From Sanliurfa to Göbekli Tepe
Come out of the bus station and head towards a secondary, smaller bus area at the top of the hill. Apparently, there are two buses per day to the site but neither is particularly convenient and will result in you either spending all day there – or just a couple of hours. In my opinion, it’s easier to take a taxi. You should expect to pay around 80TL.
The site at Göbekli Tepe
You’ll travel for around 20 mins from the city to the site. I visited at the start of September and the temperatures were stifling (noted as 40′ on my mobile but it was definitely hotter – probably closer 45′ with a brutal hairdryer wind). At the entrance to the site, there is a small gift area and museum building showing presentations. There are regular shuttle buses to cover the short drive between the welcome areas and the site itself.
The site itself – a personal view
From looking at various pictures online, I must admit I had expected the site to be larger. At present, Göbekli Tepe consists of a raised viewing platform encircling the excavations. There is another site nearby currently under work – though, when we visited, it was closed. The views from the top are interesting and help explain why the ancients choose this particular location.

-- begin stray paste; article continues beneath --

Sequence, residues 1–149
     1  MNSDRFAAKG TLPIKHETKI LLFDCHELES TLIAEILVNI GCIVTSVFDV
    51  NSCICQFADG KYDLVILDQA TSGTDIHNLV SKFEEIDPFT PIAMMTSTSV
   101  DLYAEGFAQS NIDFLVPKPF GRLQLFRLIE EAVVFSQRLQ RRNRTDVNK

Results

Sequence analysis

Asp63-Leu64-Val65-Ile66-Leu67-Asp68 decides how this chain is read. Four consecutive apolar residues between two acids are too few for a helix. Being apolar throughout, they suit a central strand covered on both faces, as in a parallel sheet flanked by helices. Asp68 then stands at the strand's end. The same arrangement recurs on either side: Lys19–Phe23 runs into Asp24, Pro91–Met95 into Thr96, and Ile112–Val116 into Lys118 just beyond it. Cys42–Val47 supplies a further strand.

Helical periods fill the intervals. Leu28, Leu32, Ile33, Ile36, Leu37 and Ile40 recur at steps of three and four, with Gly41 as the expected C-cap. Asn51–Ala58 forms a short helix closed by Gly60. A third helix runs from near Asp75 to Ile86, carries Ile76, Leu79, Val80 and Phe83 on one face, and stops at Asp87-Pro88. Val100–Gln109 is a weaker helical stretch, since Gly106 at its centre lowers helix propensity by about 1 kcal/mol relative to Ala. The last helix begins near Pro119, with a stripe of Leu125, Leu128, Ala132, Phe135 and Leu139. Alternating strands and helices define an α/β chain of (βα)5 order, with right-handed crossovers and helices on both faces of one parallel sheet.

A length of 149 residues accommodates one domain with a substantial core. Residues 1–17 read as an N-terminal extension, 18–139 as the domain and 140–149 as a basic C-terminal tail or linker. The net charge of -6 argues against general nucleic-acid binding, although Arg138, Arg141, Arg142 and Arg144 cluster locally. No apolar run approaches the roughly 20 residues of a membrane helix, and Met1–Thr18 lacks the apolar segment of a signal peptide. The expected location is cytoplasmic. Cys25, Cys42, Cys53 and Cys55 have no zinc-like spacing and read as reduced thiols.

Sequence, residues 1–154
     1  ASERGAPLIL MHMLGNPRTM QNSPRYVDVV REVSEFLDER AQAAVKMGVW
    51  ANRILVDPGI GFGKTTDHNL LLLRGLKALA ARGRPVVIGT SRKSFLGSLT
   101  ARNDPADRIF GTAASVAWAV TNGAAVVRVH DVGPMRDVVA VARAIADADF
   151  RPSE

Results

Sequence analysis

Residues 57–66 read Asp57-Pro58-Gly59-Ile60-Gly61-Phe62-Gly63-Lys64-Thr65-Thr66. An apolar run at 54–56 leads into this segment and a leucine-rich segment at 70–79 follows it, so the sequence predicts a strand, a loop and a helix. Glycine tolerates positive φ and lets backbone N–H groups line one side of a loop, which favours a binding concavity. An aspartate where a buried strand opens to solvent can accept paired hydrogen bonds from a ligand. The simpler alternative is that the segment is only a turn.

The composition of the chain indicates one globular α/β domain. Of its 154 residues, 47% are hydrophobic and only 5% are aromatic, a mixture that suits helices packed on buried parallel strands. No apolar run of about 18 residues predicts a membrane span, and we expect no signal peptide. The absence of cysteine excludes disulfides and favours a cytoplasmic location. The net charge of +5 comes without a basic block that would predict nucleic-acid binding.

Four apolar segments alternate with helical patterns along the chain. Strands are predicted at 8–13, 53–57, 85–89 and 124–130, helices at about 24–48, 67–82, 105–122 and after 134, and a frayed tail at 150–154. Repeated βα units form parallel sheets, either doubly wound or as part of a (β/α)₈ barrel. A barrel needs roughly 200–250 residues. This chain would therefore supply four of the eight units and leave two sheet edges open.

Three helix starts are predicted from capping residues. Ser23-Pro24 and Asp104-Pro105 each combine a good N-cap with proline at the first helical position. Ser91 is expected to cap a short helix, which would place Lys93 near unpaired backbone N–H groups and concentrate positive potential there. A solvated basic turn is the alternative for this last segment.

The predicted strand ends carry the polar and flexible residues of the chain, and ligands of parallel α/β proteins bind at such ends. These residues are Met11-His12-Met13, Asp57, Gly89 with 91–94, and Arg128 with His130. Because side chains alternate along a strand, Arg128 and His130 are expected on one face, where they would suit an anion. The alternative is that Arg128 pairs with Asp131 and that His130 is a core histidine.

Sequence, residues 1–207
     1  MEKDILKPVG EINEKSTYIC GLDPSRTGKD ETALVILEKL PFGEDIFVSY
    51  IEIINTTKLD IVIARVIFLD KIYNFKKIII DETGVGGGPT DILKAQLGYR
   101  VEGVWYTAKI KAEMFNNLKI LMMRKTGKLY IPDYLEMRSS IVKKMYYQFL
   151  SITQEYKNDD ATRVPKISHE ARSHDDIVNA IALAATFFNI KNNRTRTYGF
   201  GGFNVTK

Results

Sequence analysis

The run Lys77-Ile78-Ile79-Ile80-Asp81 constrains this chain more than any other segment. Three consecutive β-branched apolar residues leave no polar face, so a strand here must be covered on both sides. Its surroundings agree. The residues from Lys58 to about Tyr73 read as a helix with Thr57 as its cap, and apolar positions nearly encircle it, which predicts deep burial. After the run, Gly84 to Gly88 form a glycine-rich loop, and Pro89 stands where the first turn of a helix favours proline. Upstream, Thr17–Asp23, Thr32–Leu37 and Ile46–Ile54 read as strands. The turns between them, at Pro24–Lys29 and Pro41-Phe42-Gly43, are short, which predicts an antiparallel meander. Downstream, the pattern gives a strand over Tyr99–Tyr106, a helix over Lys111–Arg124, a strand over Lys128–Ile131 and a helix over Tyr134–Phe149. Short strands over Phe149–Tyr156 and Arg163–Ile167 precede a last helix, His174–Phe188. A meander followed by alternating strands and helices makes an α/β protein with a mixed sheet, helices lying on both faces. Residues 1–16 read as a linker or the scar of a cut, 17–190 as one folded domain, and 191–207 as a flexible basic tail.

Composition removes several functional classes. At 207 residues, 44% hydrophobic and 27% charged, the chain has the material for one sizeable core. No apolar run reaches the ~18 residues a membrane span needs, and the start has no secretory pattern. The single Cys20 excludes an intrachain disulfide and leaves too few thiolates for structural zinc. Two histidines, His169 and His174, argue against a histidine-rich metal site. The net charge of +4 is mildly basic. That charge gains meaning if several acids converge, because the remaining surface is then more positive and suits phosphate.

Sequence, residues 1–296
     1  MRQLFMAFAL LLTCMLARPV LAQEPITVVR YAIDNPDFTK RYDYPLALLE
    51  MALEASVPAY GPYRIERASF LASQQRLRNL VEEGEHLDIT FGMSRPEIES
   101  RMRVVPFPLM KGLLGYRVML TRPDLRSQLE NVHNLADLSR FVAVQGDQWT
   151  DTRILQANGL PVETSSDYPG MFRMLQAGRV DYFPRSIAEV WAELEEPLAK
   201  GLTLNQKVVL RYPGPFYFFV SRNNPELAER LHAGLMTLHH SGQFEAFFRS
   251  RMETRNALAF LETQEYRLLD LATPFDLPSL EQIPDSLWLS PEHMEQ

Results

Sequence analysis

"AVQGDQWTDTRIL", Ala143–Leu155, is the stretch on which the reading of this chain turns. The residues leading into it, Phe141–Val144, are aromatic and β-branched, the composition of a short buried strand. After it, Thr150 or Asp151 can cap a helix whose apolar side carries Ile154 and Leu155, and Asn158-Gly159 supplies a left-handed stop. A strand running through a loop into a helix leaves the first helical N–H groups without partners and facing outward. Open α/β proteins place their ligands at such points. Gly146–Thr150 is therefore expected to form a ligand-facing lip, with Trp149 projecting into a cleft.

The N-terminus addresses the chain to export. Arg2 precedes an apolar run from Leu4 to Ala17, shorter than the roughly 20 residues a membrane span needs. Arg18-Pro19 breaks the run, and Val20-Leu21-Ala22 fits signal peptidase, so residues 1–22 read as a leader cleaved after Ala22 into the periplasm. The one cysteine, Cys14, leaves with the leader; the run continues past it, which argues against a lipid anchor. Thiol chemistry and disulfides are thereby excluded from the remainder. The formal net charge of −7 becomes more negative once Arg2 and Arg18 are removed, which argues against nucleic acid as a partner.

The map above shows a wide, long fertile valley just below Göbekli Tepe which runs all the way to the Syrian border then meets with an area known as the Fertile Crescent (which follows the route of the Euphrates river). Due to being sandwiched between mountains to the north and the harsh Syrian desert to the south, east and west this area was a popular hunting and foraging territory with ancients. You can read more about the Fertile Crescent, Göbekli Tepe and thoughts on the birth of religion here.
You may find it surprising just how close you are to Syria (at time of writing, perhaps not the safest place in the world to be).
In fact, getting back by taxi, we were stopped twice in army checkpoints – again, be sure to remember your passport as you will need it for ID.
About Göbekli Tepe